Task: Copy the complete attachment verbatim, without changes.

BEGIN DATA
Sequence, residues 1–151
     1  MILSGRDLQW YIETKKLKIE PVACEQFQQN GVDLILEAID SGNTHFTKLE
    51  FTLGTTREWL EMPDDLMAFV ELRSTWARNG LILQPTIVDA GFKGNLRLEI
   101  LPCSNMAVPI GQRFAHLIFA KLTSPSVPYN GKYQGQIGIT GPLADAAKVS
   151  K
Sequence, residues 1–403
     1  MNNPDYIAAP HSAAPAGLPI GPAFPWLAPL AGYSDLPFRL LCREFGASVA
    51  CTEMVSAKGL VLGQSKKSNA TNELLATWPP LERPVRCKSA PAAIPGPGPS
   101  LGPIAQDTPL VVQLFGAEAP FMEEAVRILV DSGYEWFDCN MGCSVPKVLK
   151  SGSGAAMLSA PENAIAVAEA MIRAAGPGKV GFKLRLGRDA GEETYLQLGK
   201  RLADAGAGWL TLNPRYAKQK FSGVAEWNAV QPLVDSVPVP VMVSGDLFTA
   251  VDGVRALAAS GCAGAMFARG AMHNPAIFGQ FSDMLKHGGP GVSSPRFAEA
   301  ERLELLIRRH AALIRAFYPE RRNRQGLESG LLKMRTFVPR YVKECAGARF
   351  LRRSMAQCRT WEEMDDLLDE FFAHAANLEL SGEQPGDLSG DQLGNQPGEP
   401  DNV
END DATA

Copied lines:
Sequence, residues 1–151
     1  MILSGRDLQW YIETKKLKIE PVACEQFQQN GVDLILEAID SGNTHFTKLE
    51  FTLGTTREWL EMPDDLMAFV ELRSTWARNG LILQPTIVDA GFKGNLRLEI
   101  LPCSNMAVPI GQRFAHLIFA KLTSPSVPYN GKYQGQIGIT GPLADAAKVS
   151  K
Sequence, residues 1–403
     1  MNNPDYIAAP HSAAPAGLPI GPAFPWLAPL AGYSDLPFRL LCREFGASVA
    51  CTEMVSAKGL VLGQSKKSNA TNELLATWPP LERPVRCKSA PAAIPGPGPS
   101  LGPIAQDTPL VVQLFGAEAP FMEEAVRILV DSGYEWFDCN MGCSVPKVLK
   151  SGSGAAMLSA PENAIAVAEA MIRAAGPGKV GFKLRLGRDA GEETYLQLGK
   201  RLADAGAGWL TLNPRYAKQK FSGVAEWNAV QPLVDSVPVP VMVSGDLFTA
   251  VDGVRALAAS GCAGAMFARG AMHNPAIFGQ FSDMLKHGGP GVSSPRFAEA
   301  ERLELLIRRH AALIRAFYPE RRNRQGLESG LLKMRTFVPR YVKECAGARF
   351  LRRSMAQCRT WEEMDDLLDE FFAHAANLEL SGEQPGDLSG DQLGNQPGEP
   401  DNV